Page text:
Then, scientist Dr. Abner Sedgwick plots to kill Superman so that he finally gets the scientific recognition he so richly feels he deserves. After Superman survives a nuclear catastrophe arranged by Sedgwick, the warped scientist realizes the only way to really destroy Superman is psychologically. The people of Metropolis may need Superman, he realizes, but Superman needs the adulation of the people of Metropolis just as much in return.
Meanwhile, Clark himself feels a sense of envy as Lois ignores him thinking just of Superman, a point she makes clear in the song "(It's) Superman". But Lois meets Dr. Sedgwick's intern, Jim Morgan, who initially rubs her the wrong way but ultimately makes her consider whether an Earth-bound relationship is what's been missing from her life, as she warbles "What I've Always Wanted".
Ultimately, Menken's own assistant, Sydney, notices Clark Kent and makes her romantic play for him at the Daily Planet as she tugs at his glasses, shirt, and tie while singing "You've Got Possibilities". (This song - as originally sung by Lavin -- was featured in a 2005 advertising campaign involving the Pillsbury Doughboy.)
As Act One comes to a close, Sedgwick sets his plan for "Revenge" in motion by keeping Superman focused on a public ceremony honoring his good deeds so that Superman is unable to stop Sedgwick's accomplices, a jealous group of Russian acrobats - jealous because they can't find work in a city where people see a real flying man every day - from blowing up the Metropolis water tower. (In the original play, the acrobats are a group of Chinese trapeze artists played as offensive stereotypes - the ethnic modification may be motivated by modern political correctness but it actually fits better with a modern sense of who the real bad guys were back in the 'Cold War' 1960s.)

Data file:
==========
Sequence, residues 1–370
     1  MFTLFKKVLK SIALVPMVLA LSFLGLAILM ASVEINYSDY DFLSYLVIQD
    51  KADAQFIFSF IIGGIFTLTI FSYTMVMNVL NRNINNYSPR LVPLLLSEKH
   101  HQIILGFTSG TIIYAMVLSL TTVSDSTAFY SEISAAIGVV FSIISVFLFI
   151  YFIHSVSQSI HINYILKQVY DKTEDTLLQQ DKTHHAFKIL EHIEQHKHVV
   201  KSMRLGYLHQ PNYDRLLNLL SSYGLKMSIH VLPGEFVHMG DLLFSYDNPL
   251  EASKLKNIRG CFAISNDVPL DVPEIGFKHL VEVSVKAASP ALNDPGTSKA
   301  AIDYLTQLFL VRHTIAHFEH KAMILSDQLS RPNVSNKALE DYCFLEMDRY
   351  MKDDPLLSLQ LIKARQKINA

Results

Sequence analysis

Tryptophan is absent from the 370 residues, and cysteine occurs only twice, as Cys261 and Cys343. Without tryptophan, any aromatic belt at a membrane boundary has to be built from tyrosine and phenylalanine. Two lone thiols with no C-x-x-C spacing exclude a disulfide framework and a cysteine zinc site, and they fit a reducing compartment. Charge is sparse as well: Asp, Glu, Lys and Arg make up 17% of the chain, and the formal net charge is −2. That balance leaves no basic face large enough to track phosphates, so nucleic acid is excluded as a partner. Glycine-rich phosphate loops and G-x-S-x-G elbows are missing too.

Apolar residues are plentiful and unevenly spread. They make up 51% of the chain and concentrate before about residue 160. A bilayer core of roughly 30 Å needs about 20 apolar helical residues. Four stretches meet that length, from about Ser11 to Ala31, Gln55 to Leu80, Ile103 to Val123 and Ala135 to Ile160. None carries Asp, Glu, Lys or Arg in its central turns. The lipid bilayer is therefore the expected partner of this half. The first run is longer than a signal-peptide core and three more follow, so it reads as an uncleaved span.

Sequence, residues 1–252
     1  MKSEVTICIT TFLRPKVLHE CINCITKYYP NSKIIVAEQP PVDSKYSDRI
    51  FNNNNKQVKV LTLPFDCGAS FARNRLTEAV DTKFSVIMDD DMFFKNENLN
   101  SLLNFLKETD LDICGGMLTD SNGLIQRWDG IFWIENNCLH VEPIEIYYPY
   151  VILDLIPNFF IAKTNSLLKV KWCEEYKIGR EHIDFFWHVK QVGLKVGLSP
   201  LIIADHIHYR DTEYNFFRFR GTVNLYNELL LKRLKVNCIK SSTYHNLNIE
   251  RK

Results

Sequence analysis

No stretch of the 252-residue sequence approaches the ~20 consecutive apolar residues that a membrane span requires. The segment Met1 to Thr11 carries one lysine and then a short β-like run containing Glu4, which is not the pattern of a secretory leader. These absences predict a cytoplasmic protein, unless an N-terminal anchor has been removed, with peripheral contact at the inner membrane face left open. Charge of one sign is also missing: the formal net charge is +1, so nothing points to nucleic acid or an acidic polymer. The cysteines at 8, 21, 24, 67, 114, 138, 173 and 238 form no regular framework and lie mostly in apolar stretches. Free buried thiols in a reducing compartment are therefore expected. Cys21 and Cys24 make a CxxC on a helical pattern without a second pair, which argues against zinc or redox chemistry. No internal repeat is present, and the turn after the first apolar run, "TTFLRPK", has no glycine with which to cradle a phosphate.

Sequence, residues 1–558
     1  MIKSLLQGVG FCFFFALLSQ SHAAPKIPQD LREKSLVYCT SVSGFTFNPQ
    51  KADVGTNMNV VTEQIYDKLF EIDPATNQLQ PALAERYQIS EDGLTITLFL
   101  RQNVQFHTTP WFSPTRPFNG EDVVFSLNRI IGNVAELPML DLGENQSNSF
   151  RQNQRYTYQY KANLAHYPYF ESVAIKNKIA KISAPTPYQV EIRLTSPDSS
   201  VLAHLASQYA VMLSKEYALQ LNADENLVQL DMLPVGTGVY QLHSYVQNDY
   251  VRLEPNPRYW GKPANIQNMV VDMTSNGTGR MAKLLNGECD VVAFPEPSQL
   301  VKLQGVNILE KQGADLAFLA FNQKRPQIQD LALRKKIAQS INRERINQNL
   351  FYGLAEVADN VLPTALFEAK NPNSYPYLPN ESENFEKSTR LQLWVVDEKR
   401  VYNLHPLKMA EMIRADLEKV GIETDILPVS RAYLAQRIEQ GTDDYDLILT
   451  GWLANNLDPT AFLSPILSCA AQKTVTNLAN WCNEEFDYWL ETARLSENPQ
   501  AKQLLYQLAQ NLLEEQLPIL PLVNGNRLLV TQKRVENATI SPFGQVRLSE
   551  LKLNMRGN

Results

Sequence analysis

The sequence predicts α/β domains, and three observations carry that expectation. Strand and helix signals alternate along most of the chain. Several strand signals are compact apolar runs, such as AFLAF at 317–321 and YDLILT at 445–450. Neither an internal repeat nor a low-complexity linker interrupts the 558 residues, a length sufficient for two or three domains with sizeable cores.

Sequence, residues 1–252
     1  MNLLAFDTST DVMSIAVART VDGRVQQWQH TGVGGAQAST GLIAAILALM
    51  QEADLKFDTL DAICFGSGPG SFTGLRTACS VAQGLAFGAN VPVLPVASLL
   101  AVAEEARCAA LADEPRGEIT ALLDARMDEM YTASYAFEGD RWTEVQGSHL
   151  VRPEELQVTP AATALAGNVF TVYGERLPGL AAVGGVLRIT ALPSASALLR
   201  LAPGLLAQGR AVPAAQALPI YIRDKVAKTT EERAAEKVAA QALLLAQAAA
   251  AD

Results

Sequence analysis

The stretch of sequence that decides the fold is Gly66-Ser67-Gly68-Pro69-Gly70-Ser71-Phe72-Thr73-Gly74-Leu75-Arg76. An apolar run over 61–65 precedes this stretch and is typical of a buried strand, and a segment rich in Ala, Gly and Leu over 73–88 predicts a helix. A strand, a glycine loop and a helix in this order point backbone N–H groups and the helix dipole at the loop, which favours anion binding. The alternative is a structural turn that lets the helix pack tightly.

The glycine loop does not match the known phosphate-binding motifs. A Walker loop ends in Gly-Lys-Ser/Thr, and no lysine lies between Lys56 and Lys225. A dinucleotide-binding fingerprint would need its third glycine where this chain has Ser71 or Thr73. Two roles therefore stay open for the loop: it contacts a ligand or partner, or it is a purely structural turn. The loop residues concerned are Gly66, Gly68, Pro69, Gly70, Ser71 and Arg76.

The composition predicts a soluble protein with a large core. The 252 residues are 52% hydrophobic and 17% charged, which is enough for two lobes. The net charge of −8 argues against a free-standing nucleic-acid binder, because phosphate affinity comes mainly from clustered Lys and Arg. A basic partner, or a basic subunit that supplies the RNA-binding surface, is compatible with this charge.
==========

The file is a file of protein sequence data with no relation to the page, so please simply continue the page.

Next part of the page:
After a brief intermission, the curtain rises on Act Two with Menken enjoying the fruits of Sedgwick's actions with the song "So Long, Big Guy". Superman feels a sense of failure and the people of Metropolis feel betrayed. Superman hides out in Clark Kent's apartment when Lois stops by and he laments his growing insecurity with the song "Strongest Man" while he inadvertently breaks Clark Kent's furniture with his mind's preoccupation with how he's let everyone down.
Finally, Menken and Sedgwick ally themselves together to bring about Superman's final downfall with a plot to uncover Superman's secret identity (using a super-computer called the "Brainiac 7"). Menken tricks assistant Sydney into bringing Superman into a revenge trap at the power plant. Lois is kidnapped. Sedgwick uses pop psychology to convince Superman that he can't really fly.
The cast all converge in a final free-for-all where Superman recovers his mojo, the bad guys get their comeuppance of course, and Lois decides between the human Jim and the superhuman Man of Steel. The final number, clearly influenced by the "Batman" TV show, has the groaner of a title "Pow! Bam! Zonk!"
Other than Lois, Clark, Superman, Perry White, and the Daily Planet (and a brief mention of Krypton), no additional comic book elements figure prominently into the psychologically-driven story. A few times during the production, I thought it wouldn't have necessarily upset the story to have simply changed the name of the mad scientist character from Abner Sedgwick to Lex Luthor. Though Sedgwick's computer, the room-filling state-of-the-art (for the 1960s) system, is called the "Brainiac 7", it has no obvious relationship to space villain Brainiac, Legion of Super-Heroes member Brainiac 5, or Brainiac 12, or Brainiac 13 from the comic books.
The musical's pit orchestra consists of conductor Margaret James (who also doubles on keyboards), plus one musician each on reeds, trumpet/flugelhorn, trombone, percussion, and synthesizers. The synthesizer player, curiously enough, shares his last name with an obscure DC hero, Deadman. At times, the musicians are too loud almost drowning out the actors' voices during both spoken dialogue and in the musical numbers themselves.